Do you know someone living with Alzheimer’s? Are they currently in an assisted living facility or moving to one? You may be wondering if they remember you or if it’s worth it to visit someone with Alzheimer’s. Your questions are understandable. Most of the time, people with Alzheimer’s still enjoy visitors. Even if they don’t remember your name, it doesn’t mean they don’t recognize your face. Below, we discuss how often you should visit a loved one with Alzheimer’s in an assisted living facility.
The Transition into an Assisted Living Facility
During the first two to three weeks of your loved one moving into the assisted living facility, you and other family members should try and visit them quite often. At this stage, daily visits are essential. It will help them adjust and settle into a comfortable routine. What can you do to make the settling stage an easier transformation? Here are a few tips to help:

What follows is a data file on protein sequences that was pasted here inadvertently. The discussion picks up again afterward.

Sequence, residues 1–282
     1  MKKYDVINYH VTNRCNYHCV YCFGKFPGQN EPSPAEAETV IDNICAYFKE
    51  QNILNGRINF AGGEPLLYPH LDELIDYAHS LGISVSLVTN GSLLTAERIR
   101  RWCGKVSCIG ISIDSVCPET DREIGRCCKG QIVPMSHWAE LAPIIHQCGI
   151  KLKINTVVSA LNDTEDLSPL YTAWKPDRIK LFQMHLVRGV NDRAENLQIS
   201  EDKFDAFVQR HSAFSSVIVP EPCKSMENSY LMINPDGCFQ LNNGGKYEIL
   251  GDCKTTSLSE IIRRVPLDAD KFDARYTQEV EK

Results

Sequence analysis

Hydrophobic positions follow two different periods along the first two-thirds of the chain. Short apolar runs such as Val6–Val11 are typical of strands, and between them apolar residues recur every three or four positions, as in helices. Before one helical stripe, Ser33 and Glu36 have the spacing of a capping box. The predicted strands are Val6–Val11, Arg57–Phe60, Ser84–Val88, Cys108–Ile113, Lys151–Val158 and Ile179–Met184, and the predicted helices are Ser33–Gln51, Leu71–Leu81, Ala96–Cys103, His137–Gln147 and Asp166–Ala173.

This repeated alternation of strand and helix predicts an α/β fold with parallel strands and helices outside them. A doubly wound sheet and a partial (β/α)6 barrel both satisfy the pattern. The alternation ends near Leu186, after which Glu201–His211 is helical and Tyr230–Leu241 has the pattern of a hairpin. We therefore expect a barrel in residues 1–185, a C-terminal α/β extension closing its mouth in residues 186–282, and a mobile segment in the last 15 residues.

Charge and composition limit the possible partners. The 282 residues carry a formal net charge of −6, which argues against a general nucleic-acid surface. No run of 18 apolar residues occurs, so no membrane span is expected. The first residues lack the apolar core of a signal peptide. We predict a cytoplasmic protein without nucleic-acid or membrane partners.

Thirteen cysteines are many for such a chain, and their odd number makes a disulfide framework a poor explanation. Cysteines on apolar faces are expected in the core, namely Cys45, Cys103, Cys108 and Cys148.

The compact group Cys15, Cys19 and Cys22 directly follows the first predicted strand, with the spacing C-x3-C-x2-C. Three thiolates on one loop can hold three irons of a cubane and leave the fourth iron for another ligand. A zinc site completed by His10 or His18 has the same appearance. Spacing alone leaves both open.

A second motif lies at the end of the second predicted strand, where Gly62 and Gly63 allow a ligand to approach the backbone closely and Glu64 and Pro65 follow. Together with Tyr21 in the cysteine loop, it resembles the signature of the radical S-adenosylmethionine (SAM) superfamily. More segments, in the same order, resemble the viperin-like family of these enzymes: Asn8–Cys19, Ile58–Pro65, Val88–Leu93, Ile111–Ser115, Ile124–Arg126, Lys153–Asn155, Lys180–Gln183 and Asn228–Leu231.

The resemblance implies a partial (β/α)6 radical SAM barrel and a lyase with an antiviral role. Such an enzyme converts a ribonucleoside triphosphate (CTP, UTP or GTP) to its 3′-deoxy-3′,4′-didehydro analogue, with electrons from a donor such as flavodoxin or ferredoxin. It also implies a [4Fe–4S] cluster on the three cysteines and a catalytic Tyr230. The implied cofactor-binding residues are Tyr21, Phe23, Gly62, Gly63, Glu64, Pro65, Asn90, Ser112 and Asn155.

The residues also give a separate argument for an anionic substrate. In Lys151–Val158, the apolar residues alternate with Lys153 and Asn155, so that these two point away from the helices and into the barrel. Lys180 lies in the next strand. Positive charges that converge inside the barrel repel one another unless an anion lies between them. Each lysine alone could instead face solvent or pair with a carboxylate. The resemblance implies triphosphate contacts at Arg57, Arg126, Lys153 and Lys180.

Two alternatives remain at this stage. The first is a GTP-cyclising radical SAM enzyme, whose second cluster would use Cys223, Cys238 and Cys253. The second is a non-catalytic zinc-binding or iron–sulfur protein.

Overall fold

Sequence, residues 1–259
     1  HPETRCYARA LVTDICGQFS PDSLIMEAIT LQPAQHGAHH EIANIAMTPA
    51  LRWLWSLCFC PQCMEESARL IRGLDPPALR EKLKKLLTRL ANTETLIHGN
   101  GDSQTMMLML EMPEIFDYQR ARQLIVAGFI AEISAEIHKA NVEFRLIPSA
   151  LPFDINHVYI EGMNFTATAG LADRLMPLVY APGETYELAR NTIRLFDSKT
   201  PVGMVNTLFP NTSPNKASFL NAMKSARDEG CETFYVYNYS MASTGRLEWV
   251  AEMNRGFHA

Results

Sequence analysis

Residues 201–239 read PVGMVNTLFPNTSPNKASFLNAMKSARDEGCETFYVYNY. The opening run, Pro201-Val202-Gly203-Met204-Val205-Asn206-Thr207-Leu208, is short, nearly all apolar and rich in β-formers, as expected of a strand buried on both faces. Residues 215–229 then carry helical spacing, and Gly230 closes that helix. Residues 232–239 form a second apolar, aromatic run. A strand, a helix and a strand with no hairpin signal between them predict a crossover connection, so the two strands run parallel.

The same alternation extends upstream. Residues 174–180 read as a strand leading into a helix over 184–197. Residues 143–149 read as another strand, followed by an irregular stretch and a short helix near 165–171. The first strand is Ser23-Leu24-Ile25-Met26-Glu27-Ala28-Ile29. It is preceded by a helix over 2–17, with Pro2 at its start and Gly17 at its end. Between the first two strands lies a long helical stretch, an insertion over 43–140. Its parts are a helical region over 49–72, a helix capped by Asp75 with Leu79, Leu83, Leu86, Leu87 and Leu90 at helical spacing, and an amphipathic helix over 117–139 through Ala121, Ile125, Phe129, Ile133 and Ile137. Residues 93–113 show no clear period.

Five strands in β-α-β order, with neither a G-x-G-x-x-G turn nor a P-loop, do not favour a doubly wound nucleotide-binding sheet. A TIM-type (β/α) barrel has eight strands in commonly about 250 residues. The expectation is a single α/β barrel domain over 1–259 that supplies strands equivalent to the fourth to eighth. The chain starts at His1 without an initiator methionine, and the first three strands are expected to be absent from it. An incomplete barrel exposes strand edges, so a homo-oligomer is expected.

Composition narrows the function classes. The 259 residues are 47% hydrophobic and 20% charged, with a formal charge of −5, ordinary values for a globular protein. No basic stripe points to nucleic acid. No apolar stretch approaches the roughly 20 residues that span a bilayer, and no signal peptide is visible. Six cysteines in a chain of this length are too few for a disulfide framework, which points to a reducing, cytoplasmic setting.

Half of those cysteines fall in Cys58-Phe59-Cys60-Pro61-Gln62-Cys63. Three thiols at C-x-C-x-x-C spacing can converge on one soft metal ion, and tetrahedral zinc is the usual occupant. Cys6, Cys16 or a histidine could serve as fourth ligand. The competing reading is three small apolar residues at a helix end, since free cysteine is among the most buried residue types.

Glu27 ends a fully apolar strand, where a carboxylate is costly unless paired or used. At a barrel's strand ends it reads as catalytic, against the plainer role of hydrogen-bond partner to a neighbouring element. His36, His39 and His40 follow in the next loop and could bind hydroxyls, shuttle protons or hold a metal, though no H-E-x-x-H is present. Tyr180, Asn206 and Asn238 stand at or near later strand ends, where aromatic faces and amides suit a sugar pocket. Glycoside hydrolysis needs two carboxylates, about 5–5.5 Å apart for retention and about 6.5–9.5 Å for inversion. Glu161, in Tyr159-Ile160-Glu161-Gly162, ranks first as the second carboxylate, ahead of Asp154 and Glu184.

- Introduce yourself to the staff. Let the facility staff get to know you. They’ll give insight into how your loved one is settling in.
- Greet your loved one clearly. Greet your loved one with a clear tone and introduce yourself. Try saying: “Hi, Mom, it’s me, Jonny. Instead of: “Hi there! How are you?”
- Bring pictures. Decorate their room with pictures of friends and family.
- Play their favorite board or card game. Play a game that they are familiar with. This will allow them to have a little fun while playing something that is familiar to them.
Once Your Loved One Has Settled In
Your loved one will become increasingly familiar with their new environment with time. At this stage, you can start reducing how often you visit them. You may want to start visiting as your routine allows. Tips to help in this stage:
- Shorter visits. The length of the visits does not always count. Oftentimes, it’s better to visit a few times a week for thirty minutes than once a week for five hours. However, remember that what counts is that you visited them at all.
- Go with something to talk about. When you visit, try and take the lead in the conversation. At first, your loved one may feel a little awkward, so it’s important that you help ease any tension with an easy-flowing conversation.
Adjusting to your loved one moving to an assisted living facility isn’t easy but visiting often can help. Also, the staff at the facility will be there to help make this transition a smooth one.